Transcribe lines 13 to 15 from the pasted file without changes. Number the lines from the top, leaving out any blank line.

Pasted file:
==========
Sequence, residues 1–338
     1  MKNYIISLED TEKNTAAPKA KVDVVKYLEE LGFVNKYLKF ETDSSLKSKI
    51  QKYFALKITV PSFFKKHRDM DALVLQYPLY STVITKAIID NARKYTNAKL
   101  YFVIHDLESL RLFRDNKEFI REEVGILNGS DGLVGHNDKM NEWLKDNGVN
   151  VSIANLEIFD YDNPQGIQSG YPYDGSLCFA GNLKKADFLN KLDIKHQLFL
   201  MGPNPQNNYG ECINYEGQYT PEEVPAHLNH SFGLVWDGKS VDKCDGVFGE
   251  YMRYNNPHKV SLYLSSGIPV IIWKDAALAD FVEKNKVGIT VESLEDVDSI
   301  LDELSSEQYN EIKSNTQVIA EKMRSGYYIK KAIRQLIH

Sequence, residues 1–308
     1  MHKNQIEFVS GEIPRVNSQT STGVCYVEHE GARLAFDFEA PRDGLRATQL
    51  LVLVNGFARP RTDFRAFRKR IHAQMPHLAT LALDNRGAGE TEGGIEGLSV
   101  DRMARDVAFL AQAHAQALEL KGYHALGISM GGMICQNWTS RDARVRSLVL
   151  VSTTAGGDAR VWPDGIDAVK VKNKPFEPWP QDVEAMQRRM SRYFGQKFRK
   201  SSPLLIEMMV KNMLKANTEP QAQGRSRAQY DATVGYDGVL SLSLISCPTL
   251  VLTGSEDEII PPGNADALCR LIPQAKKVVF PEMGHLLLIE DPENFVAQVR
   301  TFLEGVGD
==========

   151  VSTTAGGDAR VWPDGIDAVK VKNKPFEPWP QDVEAMQRRM SRYFGQKFRK
   201  SSPLLIEMMV KNMLKANTEP QAQGRSRAQY DATVGYDGVL SLSLISCPTL
   251  VLTGSEDEII PPGNADALCR LIPQAKKVVF PEMGHLLLIE DPENFVAQVR